“HIV criminalization is a growing, global phenomenon that is seldom given the attention it deserves considering its impact on both public health and human rights, undermining the HIV response.” That’s the conclusion of a new report by the HIV Justice Network and the Global Network of People Living with HIV (GNP+).

Titled “Advancing HIV Justice 2: Building Momentum in Global Advocacy Against HIV Criminalization,” the report covers the period from April 2013 to September 2015, picking up where the original “Advancing HIV Justice” report left off (it covered September 2011 to March 2013).

According to a press release, the updated report describes HIV criminalization as “the unjust application of the criminal law to people living with HIV based solely on their HIV status—either via HIV-specific criminal statutes, or by applying general criminal laws that allow for prosecution of unintentional HIV transmission, potential or perceived exposure to HIV where HIV was not transmitted, and/or nondisclosure of known HIV-positive status.”

Findings of the report include:

  • A total of 72 countries have adopted laws that specifically allow for HIV criminalization, either because the law is HIV-specific or because it names HIV as one (or more) of the diseases covered by the law. (This total increases to 101 jurisdictions when the HIV criminalization laws in 30 of the states that make up the United States are counted individually.)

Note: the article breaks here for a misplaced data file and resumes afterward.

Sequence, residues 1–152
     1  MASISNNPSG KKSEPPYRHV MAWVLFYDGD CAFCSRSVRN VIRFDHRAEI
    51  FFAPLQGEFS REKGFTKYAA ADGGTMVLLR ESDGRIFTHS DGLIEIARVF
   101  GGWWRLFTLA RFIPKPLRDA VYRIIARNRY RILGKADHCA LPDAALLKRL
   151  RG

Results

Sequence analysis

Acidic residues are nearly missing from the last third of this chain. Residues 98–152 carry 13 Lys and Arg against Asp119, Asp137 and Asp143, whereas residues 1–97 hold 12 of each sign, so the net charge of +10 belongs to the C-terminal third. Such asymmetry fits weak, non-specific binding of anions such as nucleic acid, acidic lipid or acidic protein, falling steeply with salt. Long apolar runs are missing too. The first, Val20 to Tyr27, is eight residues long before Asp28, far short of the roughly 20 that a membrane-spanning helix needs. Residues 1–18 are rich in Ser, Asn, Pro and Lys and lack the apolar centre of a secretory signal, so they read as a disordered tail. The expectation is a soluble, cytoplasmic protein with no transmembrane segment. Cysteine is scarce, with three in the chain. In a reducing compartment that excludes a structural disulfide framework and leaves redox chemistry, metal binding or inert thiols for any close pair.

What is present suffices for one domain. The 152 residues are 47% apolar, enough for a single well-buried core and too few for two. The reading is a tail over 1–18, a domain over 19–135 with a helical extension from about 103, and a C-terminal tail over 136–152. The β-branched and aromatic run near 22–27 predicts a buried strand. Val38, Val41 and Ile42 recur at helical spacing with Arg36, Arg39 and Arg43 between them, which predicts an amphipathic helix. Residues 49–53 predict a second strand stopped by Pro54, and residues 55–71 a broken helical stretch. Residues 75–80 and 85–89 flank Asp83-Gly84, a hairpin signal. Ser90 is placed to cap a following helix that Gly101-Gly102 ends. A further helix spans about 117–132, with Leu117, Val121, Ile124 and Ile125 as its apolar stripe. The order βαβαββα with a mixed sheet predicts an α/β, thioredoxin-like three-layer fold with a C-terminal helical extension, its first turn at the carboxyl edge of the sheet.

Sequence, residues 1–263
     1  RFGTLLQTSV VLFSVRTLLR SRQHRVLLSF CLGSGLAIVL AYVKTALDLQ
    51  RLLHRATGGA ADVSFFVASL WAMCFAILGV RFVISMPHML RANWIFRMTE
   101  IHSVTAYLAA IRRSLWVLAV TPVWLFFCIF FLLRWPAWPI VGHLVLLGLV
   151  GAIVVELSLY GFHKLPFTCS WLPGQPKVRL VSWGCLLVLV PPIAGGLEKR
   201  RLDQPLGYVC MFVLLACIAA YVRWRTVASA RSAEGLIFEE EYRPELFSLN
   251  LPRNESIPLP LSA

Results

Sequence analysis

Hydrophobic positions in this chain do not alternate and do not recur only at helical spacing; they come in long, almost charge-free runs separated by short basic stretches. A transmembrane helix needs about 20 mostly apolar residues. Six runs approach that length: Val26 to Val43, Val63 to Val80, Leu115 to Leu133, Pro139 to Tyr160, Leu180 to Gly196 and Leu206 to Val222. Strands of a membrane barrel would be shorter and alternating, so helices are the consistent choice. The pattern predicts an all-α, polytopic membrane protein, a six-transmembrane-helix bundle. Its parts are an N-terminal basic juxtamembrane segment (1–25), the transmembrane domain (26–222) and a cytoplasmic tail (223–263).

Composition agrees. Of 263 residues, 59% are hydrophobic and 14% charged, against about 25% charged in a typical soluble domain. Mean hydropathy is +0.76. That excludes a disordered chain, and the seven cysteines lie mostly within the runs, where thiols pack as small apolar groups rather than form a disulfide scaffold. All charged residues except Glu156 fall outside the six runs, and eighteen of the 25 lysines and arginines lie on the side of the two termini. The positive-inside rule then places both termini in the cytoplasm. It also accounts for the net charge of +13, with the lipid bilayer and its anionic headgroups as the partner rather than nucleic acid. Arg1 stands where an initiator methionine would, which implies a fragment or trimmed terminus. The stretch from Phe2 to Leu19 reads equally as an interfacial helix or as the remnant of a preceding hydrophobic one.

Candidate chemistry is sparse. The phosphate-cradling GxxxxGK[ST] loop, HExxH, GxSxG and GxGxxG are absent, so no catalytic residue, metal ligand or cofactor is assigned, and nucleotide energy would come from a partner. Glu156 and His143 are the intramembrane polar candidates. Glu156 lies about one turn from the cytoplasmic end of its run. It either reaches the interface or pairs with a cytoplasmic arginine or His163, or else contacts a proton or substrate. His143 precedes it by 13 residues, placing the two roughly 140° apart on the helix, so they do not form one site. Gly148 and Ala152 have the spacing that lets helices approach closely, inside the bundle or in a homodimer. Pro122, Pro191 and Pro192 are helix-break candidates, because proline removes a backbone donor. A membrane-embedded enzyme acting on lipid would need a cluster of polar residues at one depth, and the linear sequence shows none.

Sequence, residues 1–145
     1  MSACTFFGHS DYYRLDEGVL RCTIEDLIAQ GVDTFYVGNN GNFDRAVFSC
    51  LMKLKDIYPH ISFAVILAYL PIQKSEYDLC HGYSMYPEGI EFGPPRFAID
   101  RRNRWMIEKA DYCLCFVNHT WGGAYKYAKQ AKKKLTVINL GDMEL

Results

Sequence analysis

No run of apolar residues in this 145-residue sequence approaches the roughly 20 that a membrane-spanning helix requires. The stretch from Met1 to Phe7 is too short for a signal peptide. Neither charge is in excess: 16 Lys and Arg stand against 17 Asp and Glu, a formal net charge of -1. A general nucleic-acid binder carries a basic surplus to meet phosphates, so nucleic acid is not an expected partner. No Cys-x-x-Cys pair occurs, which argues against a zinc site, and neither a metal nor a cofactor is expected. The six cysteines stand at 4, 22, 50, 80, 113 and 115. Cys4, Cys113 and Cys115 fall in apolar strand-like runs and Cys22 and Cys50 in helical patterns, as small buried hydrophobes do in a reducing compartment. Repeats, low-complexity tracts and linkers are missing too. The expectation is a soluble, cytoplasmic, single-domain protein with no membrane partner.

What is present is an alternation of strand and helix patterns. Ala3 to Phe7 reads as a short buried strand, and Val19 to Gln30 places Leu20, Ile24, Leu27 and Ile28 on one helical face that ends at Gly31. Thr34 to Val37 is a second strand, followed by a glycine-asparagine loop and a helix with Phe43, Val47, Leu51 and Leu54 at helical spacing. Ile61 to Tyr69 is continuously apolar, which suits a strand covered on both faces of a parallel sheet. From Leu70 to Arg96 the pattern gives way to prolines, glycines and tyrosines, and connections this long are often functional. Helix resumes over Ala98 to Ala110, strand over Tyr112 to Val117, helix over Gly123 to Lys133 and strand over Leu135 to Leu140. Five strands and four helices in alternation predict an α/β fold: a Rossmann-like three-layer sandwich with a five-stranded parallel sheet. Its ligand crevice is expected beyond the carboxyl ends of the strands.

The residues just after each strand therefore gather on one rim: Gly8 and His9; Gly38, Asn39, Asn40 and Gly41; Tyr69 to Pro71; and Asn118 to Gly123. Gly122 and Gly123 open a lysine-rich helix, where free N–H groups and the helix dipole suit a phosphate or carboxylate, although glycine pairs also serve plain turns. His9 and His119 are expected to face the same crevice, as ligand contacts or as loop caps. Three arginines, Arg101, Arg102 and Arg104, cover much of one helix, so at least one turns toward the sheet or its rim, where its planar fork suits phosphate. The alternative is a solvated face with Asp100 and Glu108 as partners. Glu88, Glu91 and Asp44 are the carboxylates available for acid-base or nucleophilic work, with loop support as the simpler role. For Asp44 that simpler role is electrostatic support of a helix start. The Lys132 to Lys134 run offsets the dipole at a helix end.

• Prosecutions for HIV nondisclosure, potential or perceived exposure and/or unintentional transmission have now been reported in 61 countries. This total increases to 105 jurisdictions when individual U.S. states and Australian states/territories are counted separately. Of the 61 countries, 26 applied HIV criminalization laws, 32 applied general criminal or public health laws, and three (Australia, Denmark and United States) applied both HIV criminalization and general laws.

  • The highest numbers of prosecutions between April 2013 to October 2015 were reported in:

    Russia (at least 115)
    United States (at least 104)
    Belarus (at least 20)
    Canada (at least 17)
    France (at least 7)
    United Kingdom (at least 6)
    Italy (at least 6)
    Australia (at least 5)
    Germany (at least 5).

But there is a silver lining. According to the report, “Important and promising developments in case law, law reform and policy have taken place in many jurisdictions, most of which came about as a direct result of advocacy from individuals and organisations working to end the inappropriate use of the criminal law to regulate and punish people living with HIV.”

To read or download the 76-page report, click here.